3. During the setting process, hooks and snoods were occasionally caught in the paravane, causing delays in the longline setting operation while the USD was retrieved and hooks/snoods removed. Potential causes of the problem were considered ranging from operator error to a back wash phenomenon behind the vessel.

Shock absorbers

The shock absorber method of angle setting has successfully operated in rough seas over several trips on a 30 metre tuna vessel. The use of a Forsheda mooring compensator may be appropriate for smaller (10 - 15 metre) vessels. Larger vessels will require a spring shock absorber.(see figs 20 and 23).

Weighted tube

An alternative to the shock absorber method may be to add weight the tube to set the angle of the setting tube. Weights could be added or subtracted from the tube to adjust for varying setting speeds and propeller wash conditions (see Figure 24 E)

Recovery and deployment devices

The optimal angle for deploying and retrieving the USD is the angle of set when the device is fishing (40 to 50 degrees). Because of vessel configurations, none of the trials were able to deploy and retrieve at this angle. The vertical deployment and recovery device (as used on the first ATU S trial) was the least effective method, and potentially the most hazardous if the USD (when vertical) had broken loose from the mounting in a rough sea.

The need for up to five crew to deploy and retrieve the device (as occurred on the F. V. Daniel Solander) trial can be overcome by the use of a modified carriage system (see Figure 24), and a hydraulic retrieval and deployment device. For vessels up to 30 metres length a simple block and tackle pulley system would be sufficient to deploy and retrieve the setting tube.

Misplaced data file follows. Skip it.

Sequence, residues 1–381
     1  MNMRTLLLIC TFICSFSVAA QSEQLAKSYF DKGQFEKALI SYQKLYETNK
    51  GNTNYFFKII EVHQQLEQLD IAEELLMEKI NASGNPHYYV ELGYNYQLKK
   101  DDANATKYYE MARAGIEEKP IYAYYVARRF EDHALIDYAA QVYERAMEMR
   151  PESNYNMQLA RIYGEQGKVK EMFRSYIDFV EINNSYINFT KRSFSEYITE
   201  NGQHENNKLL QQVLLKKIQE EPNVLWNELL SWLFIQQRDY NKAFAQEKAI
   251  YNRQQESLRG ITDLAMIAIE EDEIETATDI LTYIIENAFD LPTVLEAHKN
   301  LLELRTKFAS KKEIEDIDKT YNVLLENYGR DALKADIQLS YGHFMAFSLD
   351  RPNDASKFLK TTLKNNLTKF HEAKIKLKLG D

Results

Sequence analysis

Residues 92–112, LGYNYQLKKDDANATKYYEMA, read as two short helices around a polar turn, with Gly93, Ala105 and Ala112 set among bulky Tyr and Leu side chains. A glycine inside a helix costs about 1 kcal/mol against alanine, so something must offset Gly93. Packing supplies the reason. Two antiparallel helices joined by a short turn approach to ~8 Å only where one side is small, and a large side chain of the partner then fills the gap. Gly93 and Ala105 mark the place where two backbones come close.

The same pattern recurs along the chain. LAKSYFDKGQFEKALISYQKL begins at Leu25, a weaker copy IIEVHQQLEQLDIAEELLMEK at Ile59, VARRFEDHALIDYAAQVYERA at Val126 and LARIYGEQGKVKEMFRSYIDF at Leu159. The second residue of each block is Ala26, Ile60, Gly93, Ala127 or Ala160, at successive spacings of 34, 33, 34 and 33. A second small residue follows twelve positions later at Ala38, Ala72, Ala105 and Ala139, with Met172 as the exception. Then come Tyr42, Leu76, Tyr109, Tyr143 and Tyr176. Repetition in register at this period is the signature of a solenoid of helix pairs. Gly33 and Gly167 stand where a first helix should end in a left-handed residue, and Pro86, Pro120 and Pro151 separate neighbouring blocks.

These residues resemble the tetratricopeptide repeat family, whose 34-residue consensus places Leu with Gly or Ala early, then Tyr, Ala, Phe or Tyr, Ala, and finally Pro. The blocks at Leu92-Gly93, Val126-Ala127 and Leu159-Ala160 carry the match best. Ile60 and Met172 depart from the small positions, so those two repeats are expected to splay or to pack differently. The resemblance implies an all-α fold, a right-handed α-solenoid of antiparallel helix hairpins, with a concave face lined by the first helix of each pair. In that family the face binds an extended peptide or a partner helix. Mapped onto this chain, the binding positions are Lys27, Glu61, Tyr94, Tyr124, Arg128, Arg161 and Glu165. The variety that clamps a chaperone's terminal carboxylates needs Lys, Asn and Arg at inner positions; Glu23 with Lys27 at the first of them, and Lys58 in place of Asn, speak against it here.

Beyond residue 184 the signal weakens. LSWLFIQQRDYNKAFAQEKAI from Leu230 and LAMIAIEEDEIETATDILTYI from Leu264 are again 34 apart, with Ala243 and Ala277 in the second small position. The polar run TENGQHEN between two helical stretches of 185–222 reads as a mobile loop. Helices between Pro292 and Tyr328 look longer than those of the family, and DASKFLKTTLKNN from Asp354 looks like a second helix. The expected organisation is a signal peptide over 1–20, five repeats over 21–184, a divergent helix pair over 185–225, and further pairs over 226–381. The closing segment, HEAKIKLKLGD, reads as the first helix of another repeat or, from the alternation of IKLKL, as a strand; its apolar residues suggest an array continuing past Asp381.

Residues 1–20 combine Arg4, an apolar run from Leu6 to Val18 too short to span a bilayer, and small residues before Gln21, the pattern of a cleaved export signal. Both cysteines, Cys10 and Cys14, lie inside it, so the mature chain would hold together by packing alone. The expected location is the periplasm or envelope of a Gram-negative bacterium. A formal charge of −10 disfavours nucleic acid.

Safety Issues

The early commercial trials identified a number of safety issues related to the operation of the USD device. Modifications made for the F.V. Atu S second trial ensured adequate safety of the crew during the deployment, retrieval and fishing stages. These modifications included removing the paravanes, reducing the friction of the setting tube on the carriage system, changes in the securing system for the device when not in use, and changing the deployment and recovery system so that crew did not have to lean out over the stern of the vessel.

ACKNOWLEDGEMENTS

This work was commissioned by the Department of Conservation through the Conservation Services Levy funded by the New Zealand fishing industry.

We would like to acknowledge the assistance of Department of Conservation staff (in particular Janice Molloy and Ian West).

Valuable assistance was also provided by Harry Verney (skipper of the M. V. Frae), Mike and Soo Wells (owners of the F.V . Kariqa), Jeff Moffat (Skipper of the F.V. Atu S), Tony Irvine (Managing Director , Moana Pacific Engineering for providing engineering assistance and the design of the spring shock absorber), Brent Marshall, (Northern Fleet Manager, Moana Pacific Fisheries), Professor Manly (advice on chi squared statistic). Carl Fry, (Skipper of the F. V. Daniel Solander), Scott Roger, First Mate, and crew. Paul Brewer, (Skipper of the F.V.Brenda Kay), Kent Peters, (General Manager,Tobe International )

REFERENCES

Barnes, P. and Walshe, K. 1997. Underwater setting methods to minimise the accidental and incidental capture of sea birds by surface longliners. Report on a prototype device developed by Akroyd Walshe Ltd. / Paul`s Fishing Kites Ltd. Science for Conservation: 66 Department of Conservation Wellington, New Zealand.

Brothers, N. 1991; Albatross mortality and Associated Bait Loss in the Japanese Longline Fishery in the Southern Ocean. Biological Conservation, 55 : 255 - 268

Croxall, J.P. and Prince, P.A. 1990; Recoveries of Wandering Albatrosses Diomeda exulans ringed at South Georgia 1958 - 1986. Ringing and Migration, 11 : 43 - 51

Duckworth, K. 1995; Analyses of factors which influence accidental capture of sea birds in the Japanese southern bluefin tuna longline fishery in New Zealand waters, 1989 -93. New Zealand Fisheries Assessment Research Document 95/26

Weimerskirch, H., Brothers, N., and Jouventin, P. 1997; Population dynamics of Wandering Albatross Diomeda exulans and Amsterdam Albatross D. amsterdamensis in the Indian Ocean and their relationships with long-line fisheries: Conservation Implications. Biological Conservation, 79 : 257 - 270

Description
of the fishery
Trial 1
F.V. Daniel Solander
Trial 2
F.V. Brenda Kay
Trial 3
F.V. Atu S